From Block Lords to Blockchain: How Securities Dealers Make Markets.

Author:Donald, David C.
 
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  1. INTRODUCTION: MAKING MARKETS A. The Likely Return to Private Networks B. How We Measure the Quality of Securities Markets C. What Are Securities Exchanges For? II. Private Networks Informally Maintained A. The Concept of Market B. Initial Informal Networks for Trading Securities III. Concentrating Trading Within Designated Venues A. Bringing Trades Within a Private Club B. Private Ordering in the Clubs C. Public Regulation Boxes in Private Ordering 1. The United States 2. The United Kingdom IV. An IT-Enabled Return to Private Networks A. Technology Obviating Clubroom Walls B. The National Market System C. The Market in Financial Instruments Directive D. A Private Network Through Distributed Ledger Technology V. Conclusion I. INTRODUCTION: MAKING MARKETS

    1. The Likely Return to Private Networks

      As trading concentrated on major securities exchanges disintegrates, trading is returning to direct (now electronic) networks between major broker-dealers. For most of the roughly 1000 years during which there is historical evidence of debt instruments or shares of stock being exchanged, trades were executed over informal networks among merchants or other debtholders, (1) who met in market squares, designated city blocks, or their own offices. (2) With the notable exception of The Netherlands, concentrated trading on securities exchanges became the rule only from the 19th century. (3) Trading floors provided an environment that allowed exclusion of non-members and control of information, and in which real-time, multilateral communication of offers and acceptances was possible, but electronic communication permits the same, with even higher efficiency. Market structure changes made at the outset of the 21st century began a trend that currently projects a return to decentralized networks among major broker-dealers. (4) This change has been advanced by the largest broker-dealers, (5) and it is unlikely that their initiatives are contrary to their own interests, but serious thought has not been given to how a full return to disintegrated trading would affect the interests of savers, issuers, regulators, and other concerned constituencies. The history of markets offers insight on this.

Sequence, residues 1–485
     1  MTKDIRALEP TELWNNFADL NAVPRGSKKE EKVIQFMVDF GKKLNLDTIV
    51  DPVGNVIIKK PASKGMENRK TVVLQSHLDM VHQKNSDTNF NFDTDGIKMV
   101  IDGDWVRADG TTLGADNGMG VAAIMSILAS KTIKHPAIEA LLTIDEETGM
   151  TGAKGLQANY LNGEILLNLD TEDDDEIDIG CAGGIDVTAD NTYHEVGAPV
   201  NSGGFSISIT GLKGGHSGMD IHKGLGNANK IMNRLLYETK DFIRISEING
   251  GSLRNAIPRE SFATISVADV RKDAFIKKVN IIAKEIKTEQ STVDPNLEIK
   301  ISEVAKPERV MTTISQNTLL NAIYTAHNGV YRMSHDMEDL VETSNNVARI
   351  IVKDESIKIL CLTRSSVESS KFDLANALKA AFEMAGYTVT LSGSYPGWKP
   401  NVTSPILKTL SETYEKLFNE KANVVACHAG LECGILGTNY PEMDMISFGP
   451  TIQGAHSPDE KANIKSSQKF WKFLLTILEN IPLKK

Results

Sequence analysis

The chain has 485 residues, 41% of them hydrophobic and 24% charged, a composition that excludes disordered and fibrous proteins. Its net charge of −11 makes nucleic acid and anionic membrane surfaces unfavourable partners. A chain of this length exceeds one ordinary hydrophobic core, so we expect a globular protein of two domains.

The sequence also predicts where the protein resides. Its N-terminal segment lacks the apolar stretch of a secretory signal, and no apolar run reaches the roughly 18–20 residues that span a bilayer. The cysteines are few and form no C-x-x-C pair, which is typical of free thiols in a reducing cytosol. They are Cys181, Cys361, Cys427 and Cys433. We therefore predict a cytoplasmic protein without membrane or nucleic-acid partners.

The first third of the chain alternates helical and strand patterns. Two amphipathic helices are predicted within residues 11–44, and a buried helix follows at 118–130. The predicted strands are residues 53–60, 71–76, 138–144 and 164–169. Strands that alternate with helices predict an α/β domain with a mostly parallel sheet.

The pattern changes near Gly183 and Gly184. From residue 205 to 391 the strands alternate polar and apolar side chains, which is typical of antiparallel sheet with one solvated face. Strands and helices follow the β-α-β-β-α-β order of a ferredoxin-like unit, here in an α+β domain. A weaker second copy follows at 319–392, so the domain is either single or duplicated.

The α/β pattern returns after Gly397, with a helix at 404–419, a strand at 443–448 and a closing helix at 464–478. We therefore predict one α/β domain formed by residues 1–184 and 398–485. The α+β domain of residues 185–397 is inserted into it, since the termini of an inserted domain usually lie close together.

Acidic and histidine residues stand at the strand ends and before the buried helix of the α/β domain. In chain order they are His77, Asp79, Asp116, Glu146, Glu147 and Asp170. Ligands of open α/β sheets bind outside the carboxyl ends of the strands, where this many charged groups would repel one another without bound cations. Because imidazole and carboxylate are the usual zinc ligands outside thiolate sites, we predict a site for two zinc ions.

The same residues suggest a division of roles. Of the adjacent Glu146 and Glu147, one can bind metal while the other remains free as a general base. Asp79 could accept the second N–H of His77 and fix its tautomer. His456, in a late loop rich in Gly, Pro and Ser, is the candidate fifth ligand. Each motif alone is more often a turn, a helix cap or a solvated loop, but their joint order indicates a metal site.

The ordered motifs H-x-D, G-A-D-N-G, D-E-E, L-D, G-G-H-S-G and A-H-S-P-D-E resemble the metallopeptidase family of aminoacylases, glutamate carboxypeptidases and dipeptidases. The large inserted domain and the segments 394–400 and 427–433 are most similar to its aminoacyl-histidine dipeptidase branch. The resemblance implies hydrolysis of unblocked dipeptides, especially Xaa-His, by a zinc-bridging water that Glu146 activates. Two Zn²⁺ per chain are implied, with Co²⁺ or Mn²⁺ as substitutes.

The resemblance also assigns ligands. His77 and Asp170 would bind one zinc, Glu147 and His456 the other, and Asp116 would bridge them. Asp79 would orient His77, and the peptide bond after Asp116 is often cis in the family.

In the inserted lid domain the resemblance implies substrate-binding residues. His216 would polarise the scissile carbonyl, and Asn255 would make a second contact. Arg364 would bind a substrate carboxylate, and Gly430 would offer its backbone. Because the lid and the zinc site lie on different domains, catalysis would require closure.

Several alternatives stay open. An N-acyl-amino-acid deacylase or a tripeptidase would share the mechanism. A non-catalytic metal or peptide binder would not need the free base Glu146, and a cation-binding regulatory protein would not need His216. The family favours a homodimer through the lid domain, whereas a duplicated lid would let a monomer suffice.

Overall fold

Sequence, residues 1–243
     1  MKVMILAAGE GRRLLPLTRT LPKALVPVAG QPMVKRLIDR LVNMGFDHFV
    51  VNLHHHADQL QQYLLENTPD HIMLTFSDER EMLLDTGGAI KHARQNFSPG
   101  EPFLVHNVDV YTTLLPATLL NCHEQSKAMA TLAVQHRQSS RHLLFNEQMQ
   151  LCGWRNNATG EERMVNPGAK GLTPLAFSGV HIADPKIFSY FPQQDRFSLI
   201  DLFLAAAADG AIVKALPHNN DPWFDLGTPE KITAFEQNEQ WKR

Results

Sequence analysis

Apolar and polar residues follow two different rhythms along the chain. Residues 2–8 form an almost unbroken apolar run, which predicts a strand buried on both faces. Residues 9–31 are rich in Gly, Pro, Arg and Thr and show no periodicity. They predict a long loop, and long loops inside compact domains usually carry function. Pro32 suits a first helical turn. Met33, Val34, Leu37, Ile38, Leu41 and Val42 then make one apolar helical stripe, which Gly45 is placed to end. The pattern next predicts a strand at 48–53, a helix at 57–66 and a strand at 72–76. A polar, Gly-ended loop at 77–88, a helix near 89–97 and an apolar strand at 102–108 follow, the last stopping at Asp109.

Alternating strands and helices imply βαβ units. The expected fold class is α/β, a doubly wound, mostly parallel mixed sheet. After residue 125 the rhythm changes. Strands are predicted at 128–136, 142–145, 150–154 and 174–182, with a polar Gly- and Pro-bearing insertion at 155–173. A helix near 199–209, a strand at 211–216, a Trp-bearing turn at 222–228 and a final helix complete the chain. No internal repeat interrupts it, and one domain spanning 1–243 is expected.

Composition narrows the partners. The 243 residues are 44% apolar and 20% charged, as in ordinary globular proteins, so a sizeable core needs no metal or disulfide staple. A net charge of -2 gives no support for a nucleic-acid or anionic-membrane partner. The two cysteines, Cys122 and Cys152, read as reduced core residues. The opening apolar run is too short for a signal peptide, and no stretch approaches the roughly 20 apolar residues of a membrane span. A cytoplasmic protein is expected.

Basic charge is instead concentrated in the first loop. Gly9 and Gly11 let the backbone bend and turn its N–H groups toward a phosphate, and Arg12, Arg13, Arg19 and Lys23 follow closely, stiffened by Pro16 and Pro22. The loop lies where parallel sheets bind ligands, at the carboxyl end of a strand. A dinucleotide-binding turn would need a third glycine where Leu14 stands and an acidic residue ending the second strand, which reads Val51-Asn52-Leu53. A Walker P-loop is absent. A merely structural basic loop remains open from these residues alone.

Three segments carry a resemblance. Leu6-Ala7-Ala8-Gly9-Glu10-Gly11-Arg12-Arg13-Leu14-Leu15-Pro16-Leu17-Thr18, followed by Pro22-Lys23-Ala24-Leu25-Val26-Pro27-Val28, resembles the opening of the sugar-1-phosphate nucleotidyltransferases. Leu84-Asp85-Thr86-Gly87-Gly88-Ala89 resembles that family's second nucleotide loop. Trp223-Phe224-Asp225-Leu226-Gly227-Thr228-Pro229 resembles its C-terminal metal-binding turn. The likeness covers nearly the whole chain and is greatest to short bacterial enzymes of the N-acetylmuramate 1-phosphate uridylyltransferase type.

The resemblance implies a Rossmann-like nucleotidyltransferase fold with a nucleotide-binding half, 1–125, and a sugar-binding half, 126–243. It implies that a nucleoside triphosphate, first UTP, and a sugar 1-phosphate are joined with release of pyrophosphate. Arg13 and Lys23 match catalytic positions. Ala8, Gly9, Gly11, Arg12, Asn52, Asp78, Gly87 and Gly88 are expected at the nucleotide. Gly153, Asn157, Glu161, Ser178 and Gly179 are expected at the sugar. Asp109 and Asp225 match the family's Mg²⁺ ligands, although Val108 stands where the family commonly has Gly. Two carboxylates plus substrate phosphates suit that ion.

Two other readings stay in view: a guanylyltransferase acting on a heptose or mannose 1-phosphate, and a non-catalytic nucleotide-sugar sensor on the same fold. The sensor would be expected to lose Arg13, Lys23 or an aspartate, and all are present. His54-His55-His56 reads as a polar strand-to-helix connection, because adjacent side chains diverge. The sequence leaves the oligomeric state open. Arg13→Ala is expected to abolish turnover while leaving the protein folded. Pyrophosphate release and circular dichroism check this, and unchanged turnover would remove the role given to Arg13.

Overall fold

A return of trading to private networks affects "market quality," both in a narrow and in a broad sense. Although it is not customary in the literature to distinguish between narrow and broad concepts of market quality, such a distinction can be drawn by reference to the set of affected constituencies included in an analysis. A narrow (indeed the customary) examination of market quality focuses on how the market affects the interests of direct market participants, the broker-dealers licensed to trade in the market, assessing primarily trading costs and speed. using this measure, it would be unusual for market structure innovations not to have a positive effect on market quality, for as Francioni and Schwartz remind us, broker-dealer members of exchanges find "investors and the listed companies ... important primarily because they are critical for the profitability of the members. Nevertheless ... the interests of the intermediaries come first." (6)

    2. How We Measure the Quality of Securities Markets